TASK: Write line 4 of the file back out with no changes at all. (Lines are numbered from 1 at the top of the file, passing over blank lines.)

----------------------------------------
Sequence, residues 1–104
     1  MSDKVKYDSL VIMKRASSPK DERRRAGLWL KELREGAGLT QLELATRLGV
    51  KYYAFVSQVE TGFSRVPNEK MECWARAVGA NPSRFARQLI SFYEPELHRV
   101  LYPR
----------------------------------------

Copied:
   101  LYPR